Surface water is vulnerable to a wide range of natural and human contamination, and will almost certainly need extensive treatment in order to be potable.
Assessing water quality can be difficult, as the water will vary greatly in quality depending on season, weather events, human influence, and natural cycles and issues. Before choosing to use a surface water source, determine the origin of the water body and find out what kinds of activities happen upstream from your intake, in particular industries, sewage treatment facilities, and major highways. Each of these can introduce contaminants. If the water body is subject to seasonal flooding and/or drought, this will also affect quality by introducing new contaminants or concentrating those already existing.
There are two types of wells, but both operate on the same principle. An underground aquifer is accessed by digging or drilling an intake point into an area with sufficient flow to provide the required quantity of water.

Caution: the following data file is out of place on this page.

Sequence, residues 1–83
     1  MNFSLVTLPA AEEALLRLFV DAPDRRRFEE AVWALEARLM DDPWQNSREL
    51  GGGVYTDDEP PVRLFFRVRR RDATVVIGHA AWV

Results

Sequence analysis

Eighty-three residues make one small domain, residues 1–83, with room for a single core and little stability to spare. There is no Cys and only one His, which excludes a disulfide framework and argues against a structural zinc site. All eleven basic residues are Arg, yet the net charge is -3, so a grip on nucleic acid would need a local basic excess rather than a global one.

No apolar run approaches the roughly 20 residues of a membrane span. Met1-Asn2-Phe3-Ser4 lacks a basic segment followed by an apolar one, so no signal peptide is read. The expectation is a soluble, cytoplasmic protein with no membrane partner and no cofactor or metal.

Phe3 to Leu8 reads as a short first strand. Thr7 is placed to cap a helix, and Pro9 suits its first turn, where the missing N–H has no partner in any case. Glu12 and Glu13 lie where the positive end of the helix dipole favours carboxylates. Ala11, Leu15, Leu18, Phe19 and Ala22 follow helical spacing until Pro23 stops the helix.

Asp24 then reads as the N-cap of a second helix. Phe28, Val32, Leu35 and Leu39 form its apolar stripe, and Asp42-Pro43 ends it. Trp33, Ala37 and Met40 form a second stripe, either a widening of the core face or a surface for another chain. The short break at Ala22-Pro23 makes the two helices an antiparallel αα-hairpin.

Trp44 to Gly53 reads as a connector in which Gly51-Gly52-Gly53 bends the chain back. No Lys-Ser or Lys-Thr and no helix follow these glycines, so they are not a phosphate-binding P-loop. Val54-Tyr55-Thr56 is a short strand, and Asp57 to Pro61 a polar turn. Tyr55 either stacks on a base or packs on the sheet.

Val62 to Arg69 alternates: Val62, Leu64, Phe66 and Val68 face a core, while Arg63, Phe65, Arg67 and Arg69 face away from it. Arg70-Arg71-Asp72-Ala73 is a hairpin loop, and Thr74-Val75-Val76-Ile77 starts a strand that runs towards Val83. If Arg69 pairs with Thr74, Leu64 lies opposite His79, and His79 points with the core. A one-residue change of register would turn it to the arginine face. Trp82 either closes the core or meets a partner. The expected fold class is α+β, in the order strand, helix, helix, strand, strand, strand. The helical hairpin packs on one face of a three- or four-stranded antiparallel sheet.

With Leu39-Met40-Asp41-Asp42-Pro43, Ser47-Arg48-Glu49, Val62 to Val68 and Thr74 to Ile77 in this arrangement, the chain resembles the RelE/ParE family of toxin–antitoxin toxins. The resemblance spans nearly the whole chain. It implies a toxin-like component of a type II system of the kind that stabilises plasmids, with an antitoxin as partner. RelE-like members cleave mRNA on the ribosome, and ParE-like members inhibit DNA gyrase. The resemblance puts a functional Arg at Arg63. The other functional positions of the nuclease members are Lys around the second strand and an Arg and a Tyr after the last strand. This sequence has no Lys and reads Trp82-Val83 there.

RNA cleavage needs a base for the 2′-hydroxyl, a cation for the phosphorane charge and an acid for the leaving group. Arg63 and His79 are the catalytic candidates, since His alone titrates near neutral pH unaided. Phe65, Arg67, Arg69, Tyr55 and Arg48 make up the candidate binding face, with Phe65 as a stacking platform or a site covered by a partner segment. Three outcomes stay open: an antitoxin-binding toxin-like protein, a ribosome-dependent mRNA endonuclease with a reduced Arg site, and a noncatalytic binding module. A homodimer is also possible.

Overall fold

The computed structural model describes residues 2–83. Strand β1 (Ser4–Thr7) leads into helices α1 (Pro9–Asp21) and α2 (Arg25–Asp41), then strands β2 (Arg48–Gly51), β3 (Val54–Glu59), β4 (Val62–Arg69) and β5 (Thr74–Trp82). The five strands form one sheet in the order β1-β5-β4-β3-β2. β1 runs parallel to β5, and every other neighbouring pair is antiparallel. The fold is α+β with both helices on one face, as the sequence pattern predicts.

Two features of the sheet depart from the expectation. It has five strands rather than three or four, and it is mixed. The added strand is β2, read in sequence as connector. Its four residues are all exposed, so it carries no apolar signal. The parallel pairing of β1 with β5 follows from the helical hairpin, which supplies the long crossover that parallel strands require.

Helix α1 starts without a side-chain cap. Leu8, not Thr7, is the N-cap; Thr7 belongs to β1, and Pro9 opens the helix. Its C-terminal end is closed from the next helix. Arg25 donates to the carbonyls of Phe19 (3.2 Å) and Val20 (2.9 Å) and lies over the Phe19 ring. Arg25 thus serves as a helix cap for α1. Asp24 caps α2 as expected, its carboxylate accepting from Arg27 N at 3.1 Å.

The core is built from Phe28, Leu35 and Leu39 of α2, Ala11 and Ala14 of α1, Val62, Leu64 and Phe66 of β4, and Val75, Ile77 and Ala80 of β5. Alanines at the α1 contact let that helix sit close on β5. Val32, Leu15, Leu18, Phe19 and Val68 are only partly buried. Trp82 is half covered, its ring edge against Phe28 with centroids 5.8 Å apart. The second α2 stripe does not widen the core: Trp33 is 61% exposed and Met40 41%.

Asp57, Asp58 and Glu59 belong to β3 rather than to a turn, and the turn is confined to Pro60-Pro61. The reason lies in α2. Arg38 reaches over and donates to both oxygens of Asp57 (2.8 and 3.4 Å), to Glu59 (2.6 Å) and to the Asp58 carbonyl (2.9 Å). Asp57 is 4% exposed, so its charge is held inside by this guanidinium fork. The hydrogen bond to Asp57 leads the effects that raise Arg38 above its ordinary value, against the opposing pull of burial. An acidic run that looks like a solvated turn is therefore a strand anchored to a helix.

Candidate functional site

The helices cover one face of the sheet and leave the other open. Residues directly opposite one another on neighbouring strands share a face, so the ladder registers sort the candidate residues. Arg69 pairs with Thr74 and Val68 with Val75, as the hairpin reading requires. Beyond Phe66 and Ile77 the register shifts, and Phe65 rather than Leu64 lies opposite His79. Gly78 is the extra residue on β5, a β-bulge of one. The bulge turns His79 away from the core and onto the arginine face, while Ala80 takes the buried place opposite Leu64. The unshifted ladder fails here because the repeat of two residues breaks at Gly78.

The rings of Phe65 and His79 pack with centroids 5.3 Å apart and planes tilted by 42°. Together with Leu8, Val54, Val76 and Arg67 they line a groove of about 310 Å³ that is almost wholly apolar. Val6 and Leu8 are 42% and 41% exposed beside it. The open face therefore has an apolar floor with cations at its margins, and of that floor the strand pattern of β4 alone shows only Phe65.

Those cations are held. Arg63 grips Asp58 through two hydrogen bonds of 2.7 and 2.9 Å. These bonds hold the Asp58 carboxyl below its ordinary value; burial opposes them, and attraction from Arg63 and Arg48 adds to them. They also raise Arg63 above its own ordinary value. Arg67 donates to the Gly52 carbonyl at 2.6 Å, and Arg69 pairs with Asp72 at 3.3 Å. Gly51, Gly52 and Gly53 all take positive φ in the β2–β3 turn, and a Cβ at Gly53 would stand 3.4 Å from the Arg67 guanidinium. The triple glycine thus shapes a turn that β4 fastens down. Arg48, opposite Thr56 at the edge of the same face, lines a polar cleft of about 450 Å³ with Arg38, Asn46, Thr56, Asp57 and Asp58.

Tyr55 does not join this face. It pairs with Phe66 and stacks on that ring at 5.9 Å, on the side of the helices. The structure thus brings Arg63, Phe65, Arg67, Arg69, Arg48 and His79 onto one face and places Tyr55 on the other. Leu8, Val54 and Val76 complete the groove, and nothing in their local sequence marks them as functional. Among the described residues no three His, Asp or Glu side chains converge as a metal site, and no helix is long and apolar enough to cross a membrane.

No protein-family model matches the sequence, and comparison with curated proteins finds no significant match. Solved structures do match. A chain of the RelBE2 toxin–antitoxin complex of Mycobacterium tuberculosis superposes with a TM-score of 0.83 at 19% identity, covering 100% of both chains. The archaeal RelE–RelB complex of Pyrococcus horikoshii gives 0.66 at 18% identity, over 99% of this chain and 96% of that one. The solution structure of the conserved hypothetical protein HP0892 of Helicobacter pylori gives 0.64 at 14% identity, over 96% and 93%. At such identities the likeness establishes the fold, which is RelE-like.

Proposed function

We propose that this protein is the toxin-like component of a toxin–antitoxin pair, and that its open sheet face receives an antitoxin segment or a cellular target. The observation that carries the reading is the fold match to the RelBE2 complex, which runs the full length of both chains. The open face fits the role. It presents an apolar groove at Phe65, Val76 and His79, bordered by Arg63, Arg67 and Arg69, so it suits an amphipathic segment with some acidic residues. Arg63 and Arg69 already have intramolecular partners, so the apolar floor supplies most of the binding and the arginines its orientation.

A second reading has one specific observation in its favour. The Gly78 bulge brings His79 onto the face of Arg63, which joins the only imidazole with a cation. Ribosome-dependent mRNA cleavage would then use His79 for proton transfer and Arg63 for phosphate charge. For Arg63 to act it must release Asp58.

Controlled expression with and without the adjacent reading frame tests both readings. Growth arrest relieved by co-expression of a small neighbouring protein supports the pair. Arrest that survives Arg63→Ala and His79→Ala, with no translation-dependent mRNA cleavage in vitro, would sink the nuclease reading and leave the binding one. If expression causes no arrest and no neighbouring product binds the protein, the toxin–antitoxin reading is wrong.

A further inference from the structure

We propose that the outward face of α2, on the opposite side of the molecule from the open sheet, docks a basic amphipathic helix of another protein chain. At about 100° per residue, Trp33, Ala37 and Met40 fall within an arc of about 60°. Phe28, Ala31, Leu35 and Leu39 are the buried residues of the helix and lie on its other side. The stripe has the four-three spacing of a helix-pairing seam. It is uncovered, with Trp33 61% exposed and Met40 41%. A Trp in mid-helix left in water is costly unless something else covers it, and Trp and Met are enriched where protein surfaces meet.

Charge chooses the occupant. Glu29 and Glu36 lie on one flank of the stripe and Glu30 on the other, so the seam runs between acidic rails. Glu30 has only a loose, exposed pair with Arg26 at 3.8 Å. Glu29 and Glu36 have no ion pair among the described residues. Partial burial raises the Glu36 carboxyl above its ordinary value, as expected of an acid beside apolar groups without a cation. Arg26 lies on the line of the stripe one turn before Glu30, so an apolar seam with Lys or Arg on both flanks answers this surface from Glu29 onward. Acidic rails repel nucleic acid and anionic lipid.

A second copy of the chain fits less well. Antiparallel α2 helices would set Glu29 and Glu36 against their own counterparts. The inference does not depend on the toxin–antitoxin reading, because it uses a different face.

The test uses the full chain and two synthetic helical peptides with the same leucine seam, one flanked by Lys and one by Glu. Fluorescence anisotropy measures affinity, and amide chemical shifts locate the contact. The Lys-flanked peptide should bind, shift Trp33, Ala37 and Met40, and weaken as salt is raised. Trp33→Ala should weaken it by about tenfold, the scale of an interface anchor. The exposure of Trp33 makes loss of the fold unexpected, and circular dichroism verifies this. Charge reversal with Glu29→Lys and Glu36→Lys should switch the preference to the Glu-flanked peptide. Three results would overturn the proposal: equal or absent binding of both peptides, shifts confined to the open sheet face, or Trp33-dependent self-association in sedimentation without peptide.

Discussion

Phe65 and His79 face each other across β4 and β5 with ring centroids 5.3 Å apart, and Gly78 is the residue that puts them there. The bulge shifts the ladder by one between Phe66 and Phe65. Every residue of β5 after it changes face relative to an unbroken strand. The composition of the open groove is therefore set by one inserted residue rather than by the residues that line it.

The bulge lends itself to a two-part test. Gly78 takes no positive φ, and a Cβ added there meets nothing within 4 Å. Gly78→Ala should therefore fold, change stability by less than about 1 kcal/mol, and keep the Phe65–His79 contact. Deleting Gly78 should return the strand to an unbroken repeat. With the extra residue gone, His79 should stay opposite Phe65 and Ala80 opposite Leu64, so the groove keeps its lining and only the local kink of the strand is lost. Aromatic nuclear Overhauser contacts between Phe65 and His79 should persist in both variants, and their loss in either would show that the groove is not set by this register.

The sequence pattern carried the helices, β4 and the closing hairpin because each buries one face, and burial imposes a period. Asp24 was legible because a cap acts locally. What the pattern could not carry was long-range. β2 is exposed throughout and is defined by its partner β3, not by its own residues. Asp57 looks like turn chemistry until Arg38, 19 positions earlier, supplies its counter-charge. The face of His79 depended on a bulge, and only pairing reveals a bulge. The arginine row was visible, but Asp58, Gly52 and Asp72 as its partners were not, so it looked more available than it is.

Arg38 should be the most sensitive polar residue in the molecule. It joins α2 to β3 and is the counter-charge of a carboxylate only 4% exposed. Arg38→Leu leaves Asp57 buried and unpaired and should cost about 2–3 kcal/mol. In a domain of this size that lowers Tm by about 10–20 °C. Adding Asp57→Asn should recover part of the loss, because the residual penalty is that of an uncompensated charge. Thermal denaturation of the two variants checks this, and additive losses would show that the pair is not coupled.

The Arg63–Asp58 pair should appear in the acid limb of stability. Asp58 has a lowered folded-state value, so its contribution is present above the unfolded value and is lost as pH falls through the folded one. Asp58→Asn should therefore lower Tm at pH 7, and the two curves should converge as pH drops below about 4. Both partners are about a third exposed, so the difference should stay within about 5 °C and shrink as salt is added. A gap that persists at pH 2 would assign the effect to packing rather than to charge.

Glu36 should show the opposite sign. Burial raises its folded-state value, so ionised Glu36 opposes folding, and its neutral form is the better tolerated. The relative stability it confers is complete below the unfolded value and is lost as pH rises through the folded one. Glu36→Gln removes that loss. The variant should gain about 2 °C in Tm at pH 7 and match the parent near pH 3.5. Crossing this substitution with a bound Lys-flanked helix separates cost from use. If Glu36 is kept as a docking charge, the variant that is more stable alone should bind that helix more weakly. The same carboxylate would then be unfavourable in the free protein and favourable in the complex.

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Dug Wells — These wells tend to be shallow, between 10-40 feet. A hole is excavated (by hand or mechanically), and the sides of the hole shored up and retained by sidewalls. Water in the ground is able to collect inside the well, and it is pumped or lifted from this reservoir.
Drilled Wells — Used to access deep aquifers (between 40-400 feet), these wells are mechanically drilled (through any type of soil or rock) until sufficient water has been reached. A metal well pipe is fitted into the hole, and water from the aquifer fills some portion of this pipe. A submersible pump is lowered into the pipe and sits in the water.
Drilled wells may supply potable water with no need for treatment. Deeper wells tend to have fewer issues with bacterial contamination, but are often rich in mineral content. Depending on the composition of the rock around the aquifer, odor and taste of the water can be affected, and the interior of piping can suffer build-up of mineral scale. Treatment may be required to remove mineral content.
Drilled wells may be contaminated by sources far from the intake. The movement of underground aquifers is not well mapped, and water can travel long and circuitous paths. Deep wells tend not to be affected by seasonal changes, and a well that provides clean water is likely to continue to do so unless new human activity somehow affects it.